Heeding the Times from Harry Antonides' Desk
Home
Biographies
Cardus
Christianity
Economics
Islam
Labour
Miscellaneous
Middle East Politics
Politics -West
Review Articles
Series
What Happens to Truth

Bob White's Moral High Ground

March 1, 1992 -

In a recent column in The Financial Post, (April 6, 1992) Bob White, president of the Canadian Automobile Workers union and one of Canada's most vocal trade unionists, dismissed the opposition of business people to the proposed Ontario labour law reforms as an attack on workers' rights. He accused them of refusing to share economic power and being indifferent to the wellbeing of children, the poor, and working people. "The Ontario government has demonstrated a commitment to working people. Isn't it time these employers associations stopped screaming and show a similar concern for the people of this province?"

By contrast, according to White, trade unions are democratic vehicles and the true defenders of workers and all who are dependent on a social safety net. But his claim that unions are democratic rings hollow. In fact, the unions he represents ardently defend compulsory unionism as a central, even indispensable, component of their movement.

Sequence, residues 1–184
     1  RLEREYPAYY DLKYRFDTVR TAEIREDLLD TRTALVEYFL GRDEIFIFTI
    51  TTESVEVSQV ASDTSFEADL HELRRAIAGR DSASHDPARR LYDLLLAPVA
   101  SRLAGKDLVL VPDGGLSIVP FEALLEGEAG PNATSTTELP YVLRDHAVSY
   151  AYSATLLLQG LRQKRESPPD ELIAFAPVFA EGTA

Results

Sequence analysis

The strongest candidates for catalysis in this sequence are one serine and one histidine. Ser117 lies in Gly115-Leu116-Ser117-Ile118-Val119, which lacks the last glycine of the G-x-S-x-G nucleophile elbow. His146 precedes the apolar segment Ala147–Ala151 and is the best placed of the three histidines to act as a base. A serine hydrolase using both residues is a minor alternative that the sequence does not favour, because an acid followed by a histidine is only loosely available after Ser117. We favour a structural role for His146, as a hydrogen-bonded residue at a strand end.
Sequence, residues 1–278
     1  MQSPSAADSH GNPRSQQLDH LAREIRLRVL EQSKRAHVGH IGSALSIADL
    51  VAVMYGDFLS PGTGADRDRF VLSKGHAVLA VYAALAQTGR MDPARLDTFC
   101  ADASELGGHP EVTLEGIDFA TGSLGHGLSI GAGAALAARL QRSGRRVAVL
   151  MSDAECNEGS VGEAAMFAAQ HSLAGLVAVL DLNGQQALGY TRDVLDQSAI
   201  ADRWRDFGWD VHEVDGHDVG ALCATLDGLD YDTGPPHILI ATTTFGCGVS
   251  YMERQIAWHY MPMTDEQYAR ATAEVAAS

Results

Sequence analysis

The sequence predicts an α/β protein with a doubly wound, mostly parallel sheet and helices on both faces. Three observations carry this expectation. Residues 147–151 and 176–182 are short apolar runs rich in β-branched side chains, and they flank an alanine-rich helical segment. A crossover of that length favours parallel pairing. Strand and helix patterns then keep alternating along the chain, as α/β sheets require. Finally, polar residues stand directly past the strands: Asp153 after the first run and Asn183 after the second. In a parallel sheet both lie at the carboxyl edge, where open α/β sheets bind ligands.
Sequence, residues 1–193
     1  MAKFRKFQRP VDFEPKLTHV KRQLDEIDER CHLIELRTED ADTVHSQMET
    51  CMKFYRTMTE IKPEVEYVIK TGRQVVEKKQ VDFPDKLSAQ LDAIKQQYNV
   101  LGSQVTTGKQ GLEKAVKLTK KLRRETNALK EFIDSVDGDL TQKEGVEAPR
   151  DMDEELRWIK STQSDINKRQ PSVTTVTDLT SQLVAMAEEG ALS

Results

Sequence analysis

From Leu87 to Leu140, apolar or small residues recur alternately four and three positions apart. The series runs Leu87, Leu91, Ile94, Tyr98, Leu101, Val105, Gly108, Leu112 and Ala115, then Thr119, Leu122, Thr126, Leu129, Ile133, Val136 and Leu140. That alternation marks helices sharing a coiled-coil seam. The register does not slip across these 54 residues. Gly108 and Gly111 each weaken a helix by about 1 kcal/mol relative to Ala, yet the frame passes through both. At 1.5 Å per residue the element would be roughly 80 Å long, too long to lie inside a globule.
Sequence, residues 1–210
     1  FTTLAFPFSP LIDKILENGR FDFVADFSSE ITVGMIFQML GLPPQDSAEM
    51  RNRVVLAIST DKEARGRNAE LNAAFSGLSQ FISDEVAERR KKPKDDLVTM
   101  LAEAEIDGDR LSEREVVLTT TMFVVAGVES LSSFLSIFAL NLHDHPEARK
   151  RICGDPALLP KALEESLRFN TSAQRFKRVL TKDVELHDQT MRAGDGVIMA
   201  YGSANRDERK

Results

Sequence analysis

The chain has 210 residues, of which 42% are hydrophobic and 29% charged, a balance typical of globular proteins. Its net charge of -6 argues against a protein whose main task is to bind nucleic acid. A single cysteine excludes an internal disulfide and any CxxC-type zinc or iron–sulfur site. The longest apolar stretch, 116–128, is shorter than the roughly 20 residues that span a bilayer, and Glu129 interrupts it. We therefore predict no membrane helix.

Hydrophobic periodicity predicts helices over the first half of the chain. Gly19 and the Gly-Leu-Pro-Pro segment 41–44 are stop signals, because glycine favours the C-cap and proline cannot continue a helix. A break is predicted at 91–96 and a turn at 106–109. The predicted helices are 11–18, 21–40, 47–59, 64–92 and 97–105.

"Unions constitute a positive factor in contributing to productivity, workers' commitment, and stability," writes White. But by fomenting dissatisfaction and distrust toward the employer, he and his cohorts do the very opposite, often in the name of some Utopian ideal of a socialist (state-directed) society. (Read, for example, the extensive policy document issued by the Canadian Labour Congress, "A New Decade: Our Future," which presently serves as a discussion guide intended to indoctrinate Canadian workers. In reality this document is a not-so-subtle call for class warfare.)

White writes that it is "time to ratchet down the rhetoric." It would be helpful if he refrained from wrapping himself in the mantle of social justice while depicting employers (and all other critics of his position) as socially irresponsible and morally inferior. Instead, he claims the moral high ground in his support of the planned labour law reforms, designed to hasten a socialist reconstruction of society.

White's strident promotion of an us-versus-them ideology is a sure recipe for poisoning the relations between labour and management. It is indeed time for both sides to "ratchet down the rhetoric" and go back to the drawing board.